So hang on tight, and good luck. Don’t worry too much. Have some soup.


Check out my new book Why Sane People Believe Crazy Things: How Belief Can Help or Hurt Social Peace. Kirkus Reviews called it an “impressively nuanced analysis.”

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A High School Psychology Experiment

I’ve criticized people for not getting their minds out of high school, and I stand by that criticism. Even when it applies to me.

On the other hand, high school is the first time we learn certain lessons about life. When we think about the lessons, we naturally think about where we got them.

One lesson I got was that how we act toward other people affects how they act toward us.

Another student seemed to dislike me intensely. The reason was mysterious, because we barely knew each other.

But I decided to try an experiment.

From that moment on, whenever I encountered him, I acted as if we were the best of friends.

No matter how hostile he seemed or what he said, I continued acting as if we were friends. I wanted to see what would happen.

Within a month, he had forgotten that he disliked me. We had become real friends, and we remained friends after that.

The Bible’s Psalm 15 advises that “a soft answer turneth away wrath.”

If it works in high school, maybe it can work sometimes in real life. It’s worth a try.


Check out my new book Why Sane People Believe Crazy Things: How Belief Can Help or Hurt Social Peace. Foreword Reviews called it “intriguing and vital.”

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Help Wanted: Wise Leaders

I won’t be watching the State of the Union address on television tonight.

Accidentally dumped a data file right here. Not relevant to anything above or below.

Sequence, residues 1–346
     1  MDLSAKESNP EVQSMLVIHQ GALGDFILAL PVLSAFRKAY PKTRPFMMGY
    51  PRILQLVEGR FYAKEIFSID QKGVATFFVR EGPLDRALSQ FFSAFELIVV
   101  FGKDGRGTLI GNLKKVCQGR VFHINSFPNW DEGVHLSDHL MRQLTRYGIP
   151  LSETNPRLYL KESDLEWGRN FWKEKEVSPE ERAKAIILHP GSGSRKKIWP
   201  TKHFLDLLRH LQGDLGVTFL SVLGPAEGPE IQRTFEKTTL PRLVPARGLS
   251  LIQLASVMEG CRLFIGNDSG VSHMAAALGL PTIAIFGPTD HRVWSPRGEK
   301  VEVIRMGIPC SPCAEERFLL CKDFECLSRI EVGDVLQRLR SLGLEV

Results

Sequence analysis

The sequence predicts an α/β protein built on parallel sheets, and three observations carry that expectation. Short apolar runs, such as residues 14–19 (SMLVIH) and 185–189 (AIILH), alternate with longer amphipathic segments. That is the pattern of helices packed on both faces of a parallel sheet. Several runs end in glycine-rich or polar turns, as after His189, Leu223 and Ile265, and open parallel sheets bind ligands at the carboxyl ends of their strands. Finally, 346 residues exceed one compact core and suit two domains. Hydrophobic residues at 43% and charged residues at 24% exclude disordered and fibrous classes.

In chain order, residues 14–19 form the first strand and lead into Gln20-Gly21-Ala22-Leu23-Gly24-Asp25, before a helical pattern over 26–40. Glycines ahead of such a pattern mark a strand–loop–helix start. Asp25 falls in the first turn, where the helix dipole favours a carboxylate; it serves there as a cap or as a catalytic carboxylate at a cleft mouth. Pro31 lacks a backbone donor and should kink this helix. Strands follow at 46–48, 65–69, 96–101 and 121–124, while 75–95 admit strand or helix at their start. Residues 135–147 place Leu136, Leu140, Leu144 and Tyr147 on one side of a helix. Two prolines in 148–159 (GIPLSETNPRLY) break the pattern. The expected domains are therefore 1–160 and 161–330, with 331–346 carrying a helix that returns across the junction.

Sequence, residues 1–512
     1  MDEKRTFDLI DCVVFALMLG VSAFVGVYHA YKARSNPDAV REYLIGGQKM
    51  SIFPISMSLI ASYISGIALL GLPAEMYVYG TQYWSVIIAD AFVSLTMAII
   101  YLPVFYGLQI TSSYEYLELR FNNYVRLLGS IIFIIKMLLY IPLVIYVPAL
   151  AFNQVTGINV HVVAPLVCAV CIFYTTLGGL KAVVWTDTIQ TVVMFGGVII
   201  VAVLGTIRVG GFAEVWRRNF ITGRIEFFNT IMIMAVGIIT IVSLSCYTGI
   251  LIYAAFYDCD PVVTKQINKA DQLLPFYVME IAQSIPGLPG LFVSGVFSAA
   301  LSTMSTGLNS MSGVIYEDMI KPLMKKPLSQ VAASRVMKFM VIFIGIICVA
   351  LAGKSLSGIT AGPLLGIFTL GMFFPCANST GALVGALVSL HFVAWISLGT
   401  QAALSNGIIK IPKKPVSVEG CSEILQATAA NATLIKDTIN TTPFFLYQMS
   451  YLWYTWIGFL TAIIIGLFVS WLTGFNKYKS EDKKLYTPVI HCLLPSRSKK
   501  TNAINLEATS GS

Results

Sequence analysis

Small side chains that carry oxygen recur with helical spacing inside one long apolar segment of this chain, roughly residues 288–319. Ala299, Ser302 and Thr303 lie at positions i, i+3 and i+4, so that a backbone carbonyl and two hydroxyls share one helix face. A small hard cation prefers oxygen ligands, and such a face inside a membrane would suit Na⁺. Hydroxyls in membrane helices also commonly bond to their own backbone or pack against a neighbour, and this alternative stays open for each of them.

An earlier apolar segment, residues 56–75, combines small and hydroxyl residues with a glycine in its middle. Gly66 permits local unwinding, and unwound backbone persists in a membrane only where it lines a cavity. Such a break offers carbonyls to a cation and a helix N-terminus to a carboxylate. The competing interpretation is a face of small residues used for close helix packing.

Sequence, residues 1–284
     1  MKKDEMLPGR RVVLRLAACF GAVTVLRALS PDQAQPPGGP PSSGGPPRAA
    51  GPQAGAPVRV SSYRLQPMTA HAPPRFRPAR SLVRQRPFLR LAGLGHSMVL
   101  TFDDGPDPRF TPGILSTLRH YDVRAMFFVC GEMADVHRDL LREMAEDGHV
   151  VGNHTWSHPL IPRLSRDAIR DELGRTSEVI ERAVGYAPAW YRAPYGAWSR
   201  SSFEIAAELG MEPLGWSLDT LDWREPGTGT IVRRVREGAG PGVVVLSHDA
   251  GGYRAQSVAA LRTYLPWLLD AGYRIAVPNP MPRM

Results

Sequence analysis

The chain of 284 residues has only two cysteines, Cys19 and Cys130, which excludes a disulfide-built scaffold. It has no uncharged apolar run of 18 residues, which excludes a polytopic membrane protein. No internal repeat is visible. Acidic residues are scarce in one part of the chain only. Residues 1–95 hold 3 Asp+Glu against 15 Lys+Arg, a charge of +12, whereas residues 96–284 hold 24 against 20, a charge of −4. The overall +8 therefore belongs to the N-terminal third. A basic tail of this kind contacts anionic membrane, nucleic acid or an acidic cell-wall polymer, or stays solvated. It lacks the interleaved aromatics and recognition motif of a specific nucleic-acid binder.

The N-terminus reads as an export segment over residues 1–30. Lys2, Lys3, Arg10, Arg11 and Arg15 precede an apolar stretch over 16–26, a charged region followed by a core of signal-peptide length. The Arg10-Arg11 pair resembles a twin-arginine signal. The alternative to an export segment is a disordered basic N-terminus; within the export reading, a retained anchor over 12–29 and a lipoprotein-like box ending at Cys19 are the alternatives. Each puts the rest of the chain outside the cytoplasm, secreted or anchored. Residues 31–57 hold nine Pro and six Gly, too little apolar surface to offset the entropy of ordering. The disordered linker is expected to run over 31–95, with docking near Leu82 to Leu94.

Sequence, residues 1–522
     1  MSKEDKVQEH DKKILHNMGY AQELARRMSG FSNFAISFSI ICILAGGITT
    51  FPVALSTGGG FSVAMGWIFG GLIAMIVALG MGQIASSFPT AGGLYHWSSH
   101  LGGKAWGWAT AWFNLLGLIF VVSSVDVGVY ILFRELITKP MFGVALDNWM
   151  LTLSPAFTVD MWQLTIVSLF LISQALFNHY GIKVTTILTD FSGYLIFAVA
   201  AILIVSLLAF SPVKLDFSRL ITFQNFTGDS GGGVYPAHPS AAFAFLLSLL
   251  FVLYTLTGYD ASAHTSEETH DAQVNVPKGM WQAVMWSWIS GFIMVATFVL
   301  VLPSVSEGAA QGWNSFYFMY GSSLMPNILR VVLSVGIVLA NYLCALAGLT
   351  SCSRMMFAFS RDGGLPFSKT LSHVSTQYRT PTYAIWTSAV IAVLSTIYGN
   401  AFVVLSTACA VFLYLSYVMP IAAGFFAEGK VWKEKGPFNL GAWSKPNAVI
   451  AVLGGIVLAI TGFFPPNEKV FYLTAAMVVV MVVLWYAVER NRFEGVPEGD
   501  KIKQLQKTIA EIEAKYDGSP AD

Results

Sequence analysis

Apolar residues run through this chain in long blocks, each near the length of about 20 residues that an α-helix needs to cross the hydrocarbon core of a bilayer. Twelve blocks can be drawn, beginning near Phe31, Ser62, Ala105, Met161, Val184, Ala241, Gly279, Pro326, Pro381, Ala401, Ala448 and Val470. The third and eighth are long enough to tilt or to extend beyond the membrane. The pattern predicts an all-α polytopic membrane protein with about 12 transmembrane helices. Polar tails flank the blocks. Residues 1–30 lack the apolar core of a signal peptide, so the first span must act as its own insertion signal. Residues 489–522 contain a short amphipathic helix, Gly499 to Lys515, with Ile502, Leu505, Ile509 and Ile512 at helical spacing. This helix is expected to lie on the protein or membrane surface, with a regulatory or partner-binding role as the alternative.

It’s nothing against Trump, who will tell us about all the YUUUUGE things he’s accomplished.

Nor against Pelosi, who will be sitting there stone-faced with her minions. She might be waiting for a chance to shout “You lie!” to get revenge for Rep. Joe Wilson’s 2009 taunt of Obama (who, interestingly, had just talked about “illegal immigrants”).

It’s simply that watching the speech adds nothing to what I can learn from reading it and reading the rebuttals to it.

The first presidential debate I ever saw was the Carter-Reagan debate in 1980. Carter was all facts, facts, facts. Reagan had a few facts but his schtick consisted mostly of one-liners and folksy charm.

At the end of the debate, I thought Carter had absolutely destroyed Reagan. So I was surprised to learn that everyone else believed the opposite: Reagan won the debate by a landslide, as he later won the election.

It taught me that for most people, most of the time, presentation matters more than information.

Gosh, can it be almost 40 years since 1980? That was before “Back to the Future,” and now we’re past the future year (2015) depicted in “Back to the Future II.”

But I digress. In 2019, we get presentation 24/7, but we get very little real information. And most of the presentation incites social conflict, distrust, and hatred.